Cities: Skylines (2015) vs. SimCity '5' (2013)

Build yourself a new home in two competing franchises




This week, we take a glance into two titles and one franchise highly revered by our host Nate. We discuss the (relatively) recently-released Cities: Skylines, the first proper city simulator by Finnish studio Colossal Order (previously responsible for the similar but transit-scenario-focused Cities In Motion series), and in so doing we decided to compare & contrast with Maxis' final hurrah, its much-ballyhooed SimCity.

Cities: Skylines is an open-ended city simulator designed in Unity from the ground-up to be moddable and fully support the Steam Workshop with everything from custom structures to camera mods and custom interfaces; from cel-shaded graphics, new rendering engines, and color palette tweaks to R34 Skylines that drive about your cities. Three months after release, the Workshop has 45,000 items and ex-Maxis employees on Patreon earn $700 per building they post. The quantity of content here is on the level of Simtropolis in its prime, and we consider whether the game is all the richer for it, or whether it suffers from a lack of directive - a question that turns out to be larger than simply content.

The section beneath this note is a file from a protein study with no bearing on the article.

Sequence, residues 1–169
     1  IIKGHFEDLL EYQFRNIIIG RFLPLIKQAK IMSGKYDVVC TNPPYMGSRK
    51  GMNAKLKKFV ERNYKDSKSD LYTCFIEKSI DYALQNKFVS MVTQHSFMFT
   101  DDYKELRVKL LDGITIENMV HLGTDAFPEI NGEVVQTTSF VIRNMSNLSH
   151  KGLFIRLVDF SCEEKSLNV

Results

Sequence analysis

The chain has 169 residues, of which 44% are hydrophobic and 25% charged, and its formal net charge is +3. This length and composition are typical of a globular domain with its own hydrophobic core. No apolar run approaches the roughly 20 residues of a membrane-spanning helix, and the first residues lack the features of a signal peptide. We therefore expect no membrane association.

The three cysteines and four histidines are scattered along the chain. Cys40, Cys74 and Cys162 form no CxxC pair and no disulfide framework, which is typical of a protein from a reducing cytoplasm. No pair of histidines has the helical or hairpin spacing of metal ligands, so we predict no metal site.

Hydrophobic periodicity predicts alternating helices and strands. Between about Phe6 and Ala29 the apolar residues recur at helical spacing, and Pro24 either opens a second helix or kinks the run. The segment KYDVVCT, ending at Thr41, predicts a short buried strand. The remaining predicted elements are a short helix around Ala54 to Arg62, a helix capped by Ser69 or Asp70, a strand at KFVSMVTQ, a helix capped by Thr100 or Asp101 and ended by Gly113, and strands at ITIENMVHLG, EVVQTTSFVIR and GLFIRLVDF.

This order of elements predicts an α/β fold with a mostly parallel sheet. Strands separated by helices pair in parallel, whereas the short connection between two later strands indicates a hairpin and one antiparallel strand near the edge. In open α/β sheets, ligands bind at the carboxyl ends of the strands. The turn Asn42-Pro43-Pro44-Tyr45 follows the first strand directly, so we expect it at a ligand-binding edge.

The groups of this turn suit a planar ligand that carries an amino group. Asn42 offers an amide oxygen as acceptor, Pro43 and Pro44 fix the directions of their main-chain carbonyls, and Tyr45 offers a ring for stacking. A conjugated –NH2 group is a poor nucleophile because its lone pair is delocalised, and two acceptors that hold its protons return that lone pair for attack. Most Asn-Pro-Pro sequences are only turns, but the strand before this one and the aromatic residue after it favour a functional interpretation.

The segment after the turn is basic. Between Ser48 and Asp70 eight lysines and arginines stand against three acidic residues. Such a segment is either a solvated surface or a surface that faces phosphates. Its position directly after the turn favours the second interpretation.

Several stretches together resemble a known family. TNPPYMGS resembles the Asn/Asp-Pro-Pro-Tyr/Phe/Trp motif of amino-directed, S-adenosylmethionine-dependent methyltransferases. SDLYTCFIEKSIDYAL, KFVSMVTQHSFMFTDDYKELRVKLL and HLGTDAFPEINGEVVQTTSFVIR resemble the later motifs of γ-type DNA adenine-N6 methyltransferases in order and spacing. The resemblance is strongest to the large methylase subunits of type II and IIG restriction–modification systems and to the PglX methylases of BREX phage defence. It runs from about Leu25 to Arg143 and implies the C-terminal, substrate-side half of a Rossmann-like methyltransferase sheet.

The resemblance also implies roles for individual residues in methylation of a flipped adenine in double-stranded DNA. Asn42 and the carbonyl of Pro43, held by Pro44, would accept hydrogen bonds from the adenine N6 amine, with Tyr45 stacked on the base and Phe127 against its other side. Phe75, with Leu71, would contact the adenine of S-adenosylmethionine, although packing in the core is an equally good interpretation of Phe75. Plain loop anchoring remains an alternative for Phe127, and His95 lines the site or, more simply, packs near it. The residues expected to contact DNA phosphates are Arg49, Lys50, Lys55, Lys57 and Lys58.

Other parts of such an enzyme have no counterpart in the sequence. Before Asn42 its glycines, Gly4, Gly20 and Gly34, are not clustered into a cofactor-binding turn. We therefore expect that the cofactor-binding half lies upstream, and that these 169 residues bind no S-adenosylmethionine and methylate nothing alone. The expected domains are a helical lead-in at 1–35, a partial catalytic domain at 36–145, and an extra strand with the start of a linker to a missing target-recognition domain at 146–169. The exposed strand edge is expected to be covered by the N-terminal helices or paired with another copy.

SimCity was a reboot of the SimCity franchise, a new take on what the 1989-spawned Will Wright classic was all about featuring a new spiffy rendering engine called Glassbox, social play across tiny towns, regional resource management, always-on DRM, and - relatedly - one of the most disastrous launches on record. SimCity 5, as we refer to it despite the existence of Societies, expanded on some of the interesting regional development ideas of 2003's SimCity 4 and its 2005 expansion, SimCity 4: Rush Hour. SC5 established greater goals and obstacles with mining of resources and management of supply chains all the way up through their contributions toward regional superproject goals like arcologies. SimCity was followed up by an expansion of its own, Cities of Tomorrow, which focused on developing cities vertically with modular arcologies connected to each other in the sky, a gameplay element we discuss and a sociological concept of infinite coolness.

Listen to us whinge freely about the two games as we discuss how they compare. Specific points of focus include city plot size, regional and social play, the intrusiveness of mods upon curated experiences, city design philosophies, and nuances of relationships between modding communities and community ambassadors.

Relevant links!


Will Atkinson

Esteban Santana Santana

Nate Stevens

Craig Schuemann

Derek Matthew Hendrick